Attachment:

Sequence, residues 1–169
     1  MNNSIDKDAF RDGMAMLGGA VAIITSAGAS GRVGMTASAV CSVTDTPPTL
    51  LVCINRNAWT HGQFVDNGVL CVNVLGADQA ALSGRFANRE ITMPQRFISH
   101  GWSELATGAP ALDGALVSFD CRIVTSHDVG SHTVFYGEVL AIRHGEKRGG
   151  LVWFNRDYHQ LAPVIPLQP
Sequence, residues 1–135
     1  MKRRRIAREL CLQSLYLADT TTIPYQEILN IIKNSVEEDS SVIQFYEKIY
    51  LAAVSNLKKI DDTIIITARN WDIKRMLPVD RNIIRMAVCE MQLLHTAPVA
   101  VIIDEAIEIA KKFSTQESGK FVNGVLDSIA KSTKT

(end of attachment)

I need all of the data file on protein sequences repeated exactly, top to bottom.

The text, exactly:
Sequence, residues 1–169
     1  MNNSIDKDAF RDGMAMLGGA VAIITSAGAS GRVGMTASAV CSVTDTPPTL
    51  LVCINRNAWT HGQFVDNGVL CVNVLGADQA ALSGRFANRE ITMPQRFISH
   101  GWSELATGAP ALDGALVSFD CRIVTSHDVG SHTVFYGEVL AIRHGEKRGG
   151  LVWFNRDYHQ LAPVIPLQP
Sequence, residues 1–135
     1  MKRRRIAREL CLQSLYLADT TTIPYQEILN IIKNSVEEDS SVIQFYEKIY
    51  LAAVSNLKKI DDTIIITARN WDIKRMLPVD RNIIRMAVCE MQLLHTAPVA
   101  VIIDEAIEIA KKFSTQESGK FVNGVLDSIA KSTKT